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Applied Sciences
, Volume 9 (8) – Apr 20, 2019

/lp/multidisciplinary-digital-publishing-institute/effects-of-velocity-profiles-on-measuring-accuracy-of-transit-time-IfG7blGhlN

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- Multidisciplinary Digital Publishing Institute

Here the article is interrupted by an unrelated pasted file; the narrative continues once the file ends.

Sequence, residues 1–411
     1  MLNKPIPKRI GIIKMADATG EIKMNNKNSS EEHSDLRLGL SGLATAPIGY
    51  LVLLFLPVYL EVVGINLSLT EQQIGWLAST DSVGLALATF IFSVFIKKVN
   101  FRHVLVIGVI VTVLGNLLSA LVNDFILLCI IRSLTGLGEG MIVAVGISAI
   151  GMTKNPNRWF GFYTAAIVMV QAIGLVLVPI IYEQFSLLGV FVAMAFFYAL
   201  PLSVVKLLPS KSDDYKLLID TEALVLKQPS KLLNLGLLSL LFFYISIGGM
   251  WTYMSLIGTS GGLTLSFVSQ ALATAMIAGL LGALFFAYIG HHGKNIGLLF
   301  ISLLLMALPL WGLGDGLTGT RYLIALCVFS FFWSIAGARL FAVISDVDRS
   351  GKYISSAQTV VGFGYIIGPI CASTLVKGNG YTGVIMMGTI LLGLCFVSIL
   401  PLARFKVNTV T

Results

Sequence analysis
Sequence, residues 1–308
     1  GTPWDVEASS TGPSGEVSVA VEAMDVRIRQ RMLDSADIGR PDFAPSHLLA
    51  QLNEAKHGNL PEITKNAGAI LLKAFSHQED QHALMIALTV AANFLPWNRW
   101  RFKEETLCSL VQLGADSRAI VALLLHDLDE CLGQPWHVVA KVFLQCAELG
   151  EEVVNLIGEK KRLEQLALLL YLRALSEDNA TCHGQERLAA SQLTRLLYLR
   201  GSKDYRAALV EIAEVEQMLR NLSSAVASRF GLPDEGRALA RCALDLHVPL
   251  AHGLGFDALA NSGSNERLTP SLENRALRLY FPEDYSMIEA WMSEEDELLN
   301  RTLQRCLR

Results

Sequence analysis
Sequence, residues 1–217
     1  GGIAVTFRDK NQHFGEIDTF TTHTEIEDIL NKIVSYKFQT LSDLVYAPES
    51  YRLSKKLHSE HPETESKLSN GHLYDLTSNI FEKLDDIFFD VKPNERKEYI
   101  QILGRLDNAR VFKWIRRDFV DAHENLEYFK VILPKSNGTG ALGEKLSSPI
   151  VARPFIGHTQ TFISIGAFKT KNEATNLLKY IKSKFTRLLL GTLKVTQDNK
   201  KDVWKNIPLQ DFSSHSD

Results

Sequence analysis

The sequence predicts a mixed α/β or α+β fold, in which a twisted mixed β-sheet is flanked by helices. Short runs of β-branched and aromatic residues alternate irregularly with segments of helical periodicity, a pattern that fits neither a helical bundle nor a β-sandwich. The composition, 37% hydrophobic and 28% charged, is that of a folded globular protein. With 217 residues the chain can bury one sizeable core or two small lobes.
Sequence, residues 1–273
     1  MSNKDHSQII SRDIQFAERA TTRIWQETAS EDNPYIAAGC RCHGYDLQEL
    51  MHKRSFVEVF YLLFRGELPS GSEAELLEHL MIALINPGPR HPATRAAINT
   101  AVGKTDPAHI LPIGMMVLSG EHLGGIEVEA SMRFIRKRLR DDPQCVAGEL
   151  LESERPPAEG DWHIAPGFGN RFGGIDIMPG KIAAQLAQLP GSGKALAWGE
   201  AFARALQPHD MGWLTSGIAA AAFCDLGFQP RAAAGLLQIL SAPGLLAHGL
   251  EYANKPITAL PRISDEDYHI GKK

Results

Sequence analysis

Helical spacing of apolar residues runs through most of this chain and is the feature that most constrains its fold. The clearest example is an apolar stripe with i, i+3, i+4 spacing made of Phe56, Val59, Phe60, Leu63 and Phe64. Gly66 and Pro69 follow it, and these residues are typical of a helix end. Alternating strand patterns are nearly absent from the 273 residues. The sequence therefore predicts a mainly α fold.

- Copyright
- © 1996-2019 MDPI (Basel, Switzerland) unless otherwise stated
- ISSN
- 2076-3417
- DOI
- 10.3390/app9081648
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- See Article on Publisher Site